Whatever tools we use, we want to make agreements in which people learn together what they need to learn in the most open and secure way possible. It can be very helpful to keep a sheet in which you take common notes on the next steps or tasks that come from the meeting. Sometimes we do it in three (or four) columns: one for those who perform the next step or the next task (it could be an individual or a group), what they will do, until when they have done it, and the priority level of the task (1-3, 1-5). You can finish the meeting by checking this sheet and filling in the missing details. You can also start your meetings by registering with the previous meeting sheet. The real power of agreements is that everyone has the opportunity to contribute, that they have listened to and responded to their personal needs in general, and that they feel safer now. Many people don`t get it: agreements are primarily a matter of safety, not police behavior. For this reason, it never works to use another`s chords. NOTE: There are a few community agreements that are often addressed to participants that we do not use or do not bring. Two of the most common are “accepting the best intentions” and “trusting the norm.” The reason we don`t use it is that if someone is not able to do it (they say they don`t feel familiar, or unsure), with a community agreement that tells them to do so, nothing will change. These agreements are not always realistic, especially if we take into account the fact that when people have been harmed by sexism, racism, homophobia, transphobia, classicism, they/we build the tools necessary to support ourselves and protect ourselves. The agreements we propose instead, which capture the spirit of these encounters, are “we cannot be articulated all the time”, “to be generous with each other” or “it is a space to learn.” Trust the group! After all, these agreements are for them.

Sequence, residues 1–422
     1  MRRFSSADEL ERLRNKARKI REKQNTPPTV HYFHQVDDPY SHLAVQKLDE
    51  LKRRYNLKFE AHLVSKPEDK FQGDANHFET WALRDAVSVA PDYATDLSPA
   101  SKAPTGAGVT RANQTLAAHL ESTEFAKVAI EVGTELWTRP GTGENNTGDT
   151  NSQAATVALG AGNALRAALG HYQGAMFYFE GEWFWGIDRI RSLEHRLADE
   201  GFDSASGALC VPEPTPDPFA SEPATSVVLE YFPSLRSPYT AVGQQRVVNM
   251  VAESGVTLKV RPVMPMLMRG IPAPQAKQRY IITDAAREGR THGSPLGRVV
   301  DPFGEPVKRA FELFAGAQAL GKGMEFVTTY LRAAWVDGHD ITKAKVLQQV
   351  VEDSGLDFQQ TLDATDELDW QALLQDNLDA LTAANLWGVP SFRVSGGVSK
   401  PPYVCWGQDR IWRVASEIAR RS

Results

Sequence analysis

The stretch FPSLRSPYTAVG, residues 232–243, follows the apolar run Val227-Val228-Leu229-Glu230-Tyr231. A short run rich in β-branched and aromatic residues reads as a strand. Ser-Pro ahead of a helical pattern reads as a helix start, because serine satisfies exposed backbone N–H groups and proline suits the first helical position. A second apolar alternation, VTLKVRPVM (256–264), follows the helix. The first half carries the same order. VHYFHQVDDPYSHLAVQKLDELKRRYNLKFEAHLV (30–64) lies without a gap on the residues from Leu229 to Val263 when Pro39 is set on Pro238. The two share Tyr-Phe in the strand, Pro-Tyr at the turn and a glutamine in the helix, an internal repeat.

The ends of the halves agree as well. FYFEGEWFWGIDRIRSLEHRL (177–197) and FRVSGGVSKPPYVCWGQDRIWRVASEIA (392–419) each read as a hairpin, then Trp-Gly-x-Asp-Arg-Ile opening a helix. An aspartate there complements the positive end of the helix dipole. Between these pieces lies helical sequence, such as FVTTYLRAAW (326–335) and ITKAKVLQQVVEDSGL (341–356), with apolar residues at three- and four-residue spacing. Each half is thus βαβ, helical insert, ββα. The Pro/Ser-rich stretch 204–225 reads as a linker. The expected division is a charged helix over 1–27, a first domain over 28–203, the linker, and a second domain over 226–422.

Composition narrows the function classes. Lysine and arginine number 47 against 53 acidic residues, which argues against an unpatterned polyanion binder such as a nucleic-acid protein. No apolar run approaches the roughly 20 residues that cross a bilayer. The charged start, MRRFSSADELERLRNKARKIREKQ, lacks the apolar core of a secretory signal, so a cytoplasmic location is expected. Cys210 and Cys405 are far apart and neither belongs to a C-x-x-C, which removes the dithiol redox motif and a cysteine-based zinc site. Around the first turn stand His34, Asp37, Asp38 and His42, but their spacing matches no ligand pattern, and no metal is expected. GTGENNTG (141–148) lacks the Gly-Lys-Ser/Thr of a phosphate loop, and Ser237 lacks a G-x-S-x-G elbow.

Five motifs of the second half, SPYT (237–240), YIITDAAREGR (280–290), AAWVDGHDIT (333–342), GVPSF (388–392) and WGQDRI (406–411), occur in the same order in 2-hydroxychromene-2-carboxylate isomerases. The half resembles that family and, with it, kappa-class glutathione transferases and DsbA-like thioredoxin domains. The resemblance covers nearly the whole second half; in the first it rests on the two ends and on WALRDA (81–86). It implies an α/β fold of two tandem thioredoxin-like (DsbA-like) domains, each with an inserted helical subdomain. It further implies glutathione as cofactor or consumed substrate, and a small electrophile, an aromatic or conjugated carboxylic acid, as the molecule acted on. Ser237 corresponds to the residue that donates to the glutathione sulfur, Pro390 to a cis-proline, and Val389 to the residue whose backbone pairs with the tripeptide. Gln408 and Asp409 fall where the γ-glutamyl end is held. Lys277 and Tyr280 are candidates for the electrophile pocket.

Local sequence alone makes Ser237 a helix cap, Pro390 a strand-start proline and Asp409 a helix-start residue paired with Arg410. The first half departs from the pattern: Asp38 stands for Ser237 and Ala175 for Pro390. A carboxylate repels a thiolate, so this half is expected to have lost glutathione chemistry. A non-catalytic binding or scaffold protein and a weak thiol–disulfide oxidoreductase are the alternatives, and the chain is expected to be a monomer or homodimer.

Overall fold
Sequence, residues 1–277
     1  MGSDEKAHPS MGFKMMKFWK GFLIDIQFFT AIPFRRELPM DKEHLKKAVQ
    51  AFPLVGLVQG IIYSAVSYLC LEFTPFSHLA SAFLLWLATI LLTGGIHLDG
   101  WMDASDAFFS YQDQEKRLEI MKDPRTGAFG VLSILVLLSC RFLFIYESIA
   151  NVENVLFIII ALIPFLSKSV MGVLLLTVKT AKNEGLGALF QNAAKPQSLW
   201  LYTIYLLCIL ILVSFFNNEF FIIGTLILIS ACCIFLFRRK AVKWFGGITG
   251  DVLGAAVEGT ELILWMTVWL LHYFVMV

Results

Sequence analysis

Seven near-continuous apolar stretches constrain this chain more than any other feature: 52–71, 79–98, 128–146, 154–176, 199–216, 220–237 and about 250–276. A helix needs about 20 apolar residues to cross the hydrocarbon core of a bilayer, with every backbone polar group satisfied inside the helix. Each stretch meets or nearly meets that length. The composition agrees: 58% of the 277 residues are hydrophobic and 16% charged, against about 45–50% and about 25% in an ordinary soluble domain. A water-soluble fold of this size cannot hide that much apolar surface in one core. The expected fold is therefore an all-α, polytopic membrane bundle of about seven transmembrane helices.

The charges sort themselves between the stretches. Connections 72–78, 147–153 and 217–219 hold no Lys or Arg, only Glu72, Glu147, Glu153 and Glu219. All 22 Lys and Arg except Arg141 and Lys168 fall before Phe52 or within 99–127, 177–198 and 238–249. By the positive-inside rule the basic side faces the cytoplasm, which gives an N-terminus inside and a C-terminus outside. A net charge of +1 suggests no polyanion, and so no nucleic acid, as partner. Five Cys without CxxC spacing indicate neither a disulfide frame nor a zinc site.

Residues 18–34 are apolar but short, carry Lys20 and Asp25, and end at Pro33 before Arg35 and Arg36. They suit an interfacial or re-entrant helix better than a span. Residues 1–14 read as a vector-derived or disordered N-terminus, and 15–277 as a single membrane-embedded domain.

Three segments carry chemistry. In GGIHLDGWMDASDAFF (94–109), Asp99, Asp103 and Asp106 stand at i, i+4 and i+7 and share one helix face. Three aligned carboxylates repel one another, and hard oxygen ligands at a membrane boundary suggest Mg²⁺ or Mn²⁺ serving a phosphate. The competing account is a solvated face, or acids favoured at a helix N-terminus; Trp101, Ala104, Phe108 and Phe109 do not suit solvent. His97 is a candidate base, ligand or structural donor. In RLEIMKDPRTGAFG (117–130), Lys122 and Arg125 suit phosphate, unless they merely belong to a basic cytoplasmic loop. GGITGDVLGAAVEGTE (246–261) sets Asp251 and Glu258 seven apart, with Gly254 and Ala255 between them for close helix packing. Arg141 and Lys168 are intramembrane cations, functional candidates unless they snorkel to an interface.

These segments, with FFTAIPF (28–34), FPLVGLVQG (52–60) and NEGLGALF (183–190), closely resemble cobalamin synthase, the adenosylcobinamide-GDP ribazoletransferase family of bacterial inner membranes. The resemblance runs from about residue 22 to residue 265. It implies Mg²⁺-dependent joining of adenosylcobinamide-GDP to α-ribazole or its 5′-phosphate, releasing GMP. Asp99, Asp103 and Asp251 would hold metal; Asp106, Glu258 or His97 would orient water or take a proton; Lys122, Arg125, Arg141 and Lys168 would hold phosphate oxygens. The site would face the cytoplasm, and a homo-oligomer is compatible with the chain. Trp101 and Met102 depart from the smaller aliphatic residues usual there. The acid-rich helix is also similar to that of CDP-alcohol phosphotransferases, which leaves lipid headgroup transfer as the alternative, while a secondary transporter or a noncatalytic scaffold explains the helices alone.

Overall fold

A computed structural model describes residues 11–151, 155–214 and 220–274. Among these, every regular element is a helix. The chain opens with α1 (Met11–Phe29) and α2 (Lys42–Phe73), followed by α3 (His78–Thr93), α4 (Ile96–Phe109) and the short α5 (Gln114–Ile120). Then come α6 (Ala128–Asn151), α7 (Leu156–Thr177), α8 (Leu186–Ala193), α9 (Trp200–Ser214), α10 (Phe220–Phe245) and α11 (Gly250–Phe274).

Anything proposed will add important content to the conversation that will reveal the needs and characters of the people in the group. Whether you start with a list of proposals or half ask a group to create its own agreements, you`ll find out what works for the group. And if I am a participant, here are some guidelines that I could personally propose to create the conditions for good cooperation. Other ways to establish group agreements may be more appropriate for shorter meetings or workshops or for groups that do not deal with emotional or controversial topics. This includes: Below you will find some community agreements that can be useful at meetings. Not all will be useful for each group, depending on the culture and preferences of the group and individuals within the group. (Some of them have been developed/adapted by AORTA, others have been exploited over time in our wider galaxy by teammates of ease. The key question posed by a group of agreements is: whether you are a mediator at meetings in which you participate, setting up your mediation skills will help you make your meetings better, more inclusive and completely more democratic! Here are some basic tips and suggestions that can have a big impact on your meetings. On the other hand, group chords in a very short time can help you create a group`s culture, and at the same time, by doing your moderator work, you can show people how safe you feel. Keep the agreement for use in future meetings or workshops with the same group, but register each time to make sure everyone is always satisfied. You can, for example, add something to the agreement. Last year, we worked with a group of computer experts who, for the first time, were overwhelmed by the use of group contracts with a group.